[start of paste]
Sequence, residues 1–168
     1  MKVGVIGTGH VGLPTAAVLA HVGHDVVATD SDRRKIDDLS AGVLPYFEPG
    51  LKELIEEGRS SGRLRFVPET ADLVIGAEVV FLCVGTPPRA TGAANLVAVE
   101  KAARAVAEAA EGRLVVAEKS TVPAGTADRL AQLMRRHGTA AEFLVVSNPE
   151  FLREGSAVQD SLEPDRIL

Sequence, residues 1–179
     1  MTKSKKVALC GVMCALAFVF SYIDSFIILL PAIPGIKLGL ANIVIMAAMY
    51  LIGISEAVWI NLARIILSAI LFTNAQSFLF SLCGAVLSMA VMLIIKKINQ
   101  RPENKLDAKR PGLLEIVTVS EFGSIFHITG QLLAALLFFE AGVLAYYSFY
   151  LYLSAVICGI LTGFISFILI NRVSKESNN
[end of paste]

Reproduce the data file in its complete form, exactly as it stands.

Sequence, residues 1–168
     1  MKVGVIGTGH VGLPTAAVLA HVGHDVVATD SDRRKIDDLS AGVLPYFEPG
    51  LKELIEEGRS SGRLRFVPET ADLVIGAEVV FLCVGTPPRA TGAANLVAVE
   101  KAARAVAEAA EGRLVVAEKS TVPAGTADRL AQLMRRHGTA AEFLVVSNPE
   151  FLREGSAVQD SLEPDRIL

Sequence, residues 1–179
     1  MTKSKKVALC GVMCALAFVF SYIDSFIILL PAIPGIKLGL ANIVIMAAMY
    51  LIGISEAVWI NLARIILSAI LFTNAQSFLF SLCGAVLSMA VMLIIKKINQ
   101  RPENKLDAKR PGLLEIVTVS EFGSIFHITG QLLAALLFFE AGVLAYYSFY
   151  LYLSAVICGI LTGFISFILI NRVSKESNN